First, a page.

Asana, the web-based productivity service that counts Facebook cofounder Dustin Moskovitz as one of its founders, is launching to the public today. No, it isn’t anything like Facebook, but if you’re looking for a productivity solution with a new twist, it may be exactly what you’re hoping for.
You’d be forgiven for thinking Asana had already launched, since you’ve been hearing about it for a long time — because it was founded by Moskovitz and early Facebook employee Justin Rosenstein, the company has been closely tracked by tech pundits since its earliest days.
In November 2009 the company announced that it’d raised $9 million from Benchmark Capital and Andreessen-Horowitz, following a $1.2 million angel round the previous spring. From there, the service entered a lengthy private beta. They gave a peek behind the curtains in February of this year — two years after they first got started — and have continued to iterate on the product since then. Just weeks ago the site saw another major UI refresh, and today, they’re finally ready to let the masses in.
I’m going to include a few high-level details on how the product works, but the reality is this: you really need to try it out for yourself to see if it’s your cup of tea, as much of Asana’s potential stems from the fact that you can mold it to suit your needs. You’ll also want to check out the video below, which does a good job showing off some of the basics. With that said…
The first time you log in, there isn’t going to be a new feature that immediately jumps out and dazzles you. Let’s be very clear: this is enterprise productivity, and it is not particularly sexy. But it’s powerful all the same. At the bottom of the screen you’ll notice several videos that explain how to use Asana in various ways — and the use cases are diverse. In a call to discuss the news, the founders, along with employee Kenny Van Zant, explained to me how it’s been successfully used to manage everything from inbound employee applications to agile software development.
Asana doesn’t have any chat or status update features, and you won’t find your coworker’s employment history on it, either. It is not a social network. Instead, rather than building a network that revolves around people, Asana’s founders say that they set out to build a network that puts your work items at the center.
On the left side of the screen you’ll find the main nav bar, which includes a listing of company projects, tags, and people in your company. At the top you’ll find an item with your tasks, which is what you’ll be using to plan out (and tell everyone else) what you’re working on.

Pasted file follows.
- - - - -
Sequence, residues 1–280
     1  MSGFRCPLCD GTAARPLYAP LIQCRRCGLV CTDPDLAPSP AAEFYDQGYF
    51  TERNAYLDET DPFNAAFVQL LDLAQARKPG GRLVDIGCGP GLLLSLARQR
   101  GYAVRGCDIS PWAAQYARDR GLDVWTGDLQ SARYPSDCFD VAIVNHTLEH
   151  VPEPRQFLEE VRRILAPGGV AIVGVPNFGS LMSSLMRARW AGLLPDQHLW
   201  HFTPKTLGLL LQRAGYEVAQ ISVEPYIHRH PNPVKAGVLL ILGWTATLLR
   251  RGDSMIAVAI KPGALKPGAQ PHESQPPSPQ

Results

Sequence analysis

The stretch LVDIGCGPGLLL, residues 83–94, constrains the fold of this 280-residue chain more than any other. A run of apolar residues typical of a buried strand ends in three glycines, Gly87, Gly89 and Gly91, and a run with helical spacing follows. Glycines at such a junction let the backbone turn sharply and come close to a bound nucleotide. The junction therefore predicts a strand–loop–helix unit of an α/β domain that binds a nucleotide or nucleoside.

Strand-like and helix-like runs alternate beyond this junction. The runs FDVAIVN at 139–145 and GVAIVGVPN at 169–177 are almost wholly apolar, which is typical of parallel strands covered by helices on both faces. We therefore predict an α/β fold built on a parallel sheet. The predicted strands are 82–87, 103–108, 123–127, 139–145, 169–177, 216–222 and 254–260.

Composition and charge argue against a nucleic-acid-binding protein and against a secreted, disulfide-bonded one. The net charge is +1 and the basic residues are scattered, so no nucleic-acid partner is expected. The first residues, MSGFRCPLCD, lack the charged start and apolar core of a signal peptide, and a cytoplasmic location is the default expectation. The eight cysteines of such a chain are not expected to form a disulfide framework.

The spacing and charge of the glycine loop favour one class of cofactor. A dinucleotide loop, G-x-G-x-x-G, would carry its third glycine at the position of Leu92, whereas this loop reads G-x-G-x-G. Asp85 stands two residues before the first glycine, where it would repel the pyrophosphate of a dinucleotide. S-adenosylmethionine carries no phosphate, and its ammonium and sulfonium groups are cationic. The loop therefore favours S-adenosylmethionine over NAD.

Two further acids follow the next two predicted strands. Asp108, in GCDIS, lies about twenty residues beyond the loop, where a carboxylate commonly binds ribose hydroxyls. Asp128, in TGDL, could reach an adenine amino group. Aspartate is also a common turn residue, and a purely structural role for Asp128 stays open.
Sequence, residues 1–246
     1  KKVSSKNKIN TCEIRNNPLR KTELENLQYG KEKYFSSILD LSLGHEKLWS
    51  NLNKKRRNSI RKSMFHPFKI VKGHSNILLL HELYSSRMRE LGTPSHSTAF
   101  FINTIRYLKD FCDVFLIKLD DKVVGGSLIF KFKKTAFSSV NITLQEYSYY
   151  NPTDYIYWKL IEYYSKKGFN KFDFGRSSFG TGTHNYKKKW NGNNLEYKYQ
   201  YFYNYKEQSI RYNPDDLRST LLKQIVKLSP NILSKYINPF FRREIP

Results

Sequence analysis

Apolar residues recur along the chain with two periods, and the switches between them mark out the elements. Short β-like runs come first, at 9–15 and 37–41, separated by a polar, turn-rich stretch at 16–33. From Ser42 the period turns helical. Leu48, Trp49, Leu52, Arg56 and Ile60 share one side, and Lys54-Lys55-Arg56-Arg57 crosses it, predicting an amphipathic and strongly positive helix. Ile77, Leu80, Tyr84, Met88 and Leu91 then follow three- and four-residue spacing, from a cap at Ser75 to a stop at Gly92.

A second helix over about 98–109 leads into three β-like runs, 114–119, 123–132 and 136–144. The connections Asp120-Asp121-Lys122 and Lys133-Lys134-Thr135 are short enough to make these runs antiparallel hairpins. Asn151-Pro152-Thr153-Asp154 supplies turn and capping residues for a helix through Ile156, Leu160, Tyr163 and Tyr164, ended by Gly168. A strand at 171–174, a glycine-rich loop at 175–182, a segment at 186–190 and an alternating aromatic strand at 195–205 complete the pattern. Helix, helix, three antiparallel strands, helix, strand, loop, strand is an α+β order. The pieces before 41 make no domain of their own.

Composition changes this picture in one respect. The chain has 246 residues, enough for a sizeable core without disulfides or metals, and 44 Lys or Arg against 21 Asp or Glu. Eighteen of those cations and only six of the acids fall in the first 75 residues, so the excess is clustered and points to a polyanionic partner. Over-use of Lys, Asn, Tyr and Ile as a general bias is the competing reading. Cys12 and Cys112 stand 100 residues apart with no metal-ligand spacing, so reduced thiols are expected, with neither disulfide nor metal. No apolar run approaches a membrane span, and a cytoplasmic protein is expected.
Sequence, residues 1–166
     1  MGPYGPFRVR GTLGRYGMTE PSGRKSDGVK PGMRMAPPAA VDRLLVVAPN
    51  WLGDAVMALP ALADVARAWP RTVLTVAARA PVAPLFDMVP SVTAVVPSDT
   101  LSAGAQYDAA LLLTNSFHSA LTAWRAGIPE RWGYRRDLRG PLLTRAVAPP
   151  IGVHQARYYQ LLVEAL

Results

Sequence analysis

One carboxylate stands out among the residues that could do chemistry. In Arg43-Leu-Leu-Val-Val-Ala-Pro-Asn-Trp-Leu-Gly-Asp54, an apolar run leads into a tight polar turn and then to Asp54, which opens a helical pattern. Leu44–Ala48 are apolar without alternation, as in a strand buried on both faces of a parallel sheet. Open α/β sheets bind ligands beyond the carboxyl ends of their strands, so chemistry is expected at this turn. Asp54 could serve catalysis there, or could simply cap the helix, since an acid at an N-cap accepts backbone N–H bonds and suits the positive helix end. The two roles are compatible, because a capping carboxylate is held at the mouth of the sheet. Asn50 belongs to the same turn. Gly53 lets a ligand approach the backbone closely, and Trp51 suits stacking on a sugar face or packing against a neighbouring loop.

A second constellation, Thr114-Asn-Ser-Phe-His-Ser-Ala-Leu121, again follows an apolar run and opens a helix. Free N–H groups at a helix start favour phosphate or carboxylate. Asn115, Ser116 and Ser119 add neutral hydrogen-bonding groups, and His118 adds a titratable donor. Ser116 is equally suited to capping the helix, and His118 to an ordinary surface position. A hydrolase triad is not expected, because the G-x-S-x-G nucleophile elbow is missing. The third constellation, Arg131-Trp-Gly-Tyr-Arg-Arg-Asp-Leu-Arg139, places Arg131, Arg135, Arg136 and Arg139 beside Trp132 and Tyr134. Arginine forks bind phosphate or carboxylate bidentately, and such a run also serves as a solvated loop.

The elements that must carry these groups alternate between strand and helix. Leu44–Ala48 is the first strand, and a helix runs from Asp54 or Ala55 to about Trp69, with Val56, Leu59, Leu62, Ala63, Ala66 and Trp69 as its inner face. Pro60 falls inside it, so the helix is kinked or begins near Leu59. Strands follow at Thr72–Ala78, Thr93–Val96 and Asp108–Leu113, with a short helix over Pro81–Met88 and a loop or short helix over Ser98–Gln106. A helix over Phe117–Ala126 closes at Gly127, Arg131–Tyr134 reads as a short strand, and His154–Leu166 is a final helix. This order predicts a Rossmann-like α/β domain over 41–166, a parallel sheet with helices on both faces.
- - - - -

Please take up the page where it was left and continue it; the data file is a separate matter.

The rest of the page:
In the main, right panel, you’ll be able to browse through the tasks. Projects can include a hierarchy of tasks, each of which can be delegated to coworkers and teams. Clicking on a task will bring up a new pane at the right side of the screen with additional information: who’s involved, any relevant file attachments and emails, and so on.
One thing you’ll notice throughout the experience: Asana is fast. The founders say they’ve obsessed over making Asana’s HTML5-based app feel native, and it shows. Integrated keyboard shortcuts are (mostly) intuitive, and there’s little-to-no lag as you navigate around. There’s also some other nice features including deep email integration — you can forward messages from your inbox to a special email address to assign it to a certain project, or even a certain person. This also helps in companies where only a fraction of employees have signed up for Asana proper, as the employees who haven’t signed up with be able to participate through email.
The service is free for groups of up to 30 people — beyond that the company will eventually start charging. Down the road they may also offer additional features for a premium.
I’ve been tinkering with Asana for the last couple of days, and I’ve liked what I’ve seen so far, to the point that I’m eager to see if we can work it into TechCrunch’s internal workflow (we rely almost exclusively on Yammer, which isn’t so great for collaborating around individual tasks). With that said, there’s definitely a learning curve, though the service is doing everything it can to make sure the experience doesn’t require a day-long training session before new users can figure out how it works.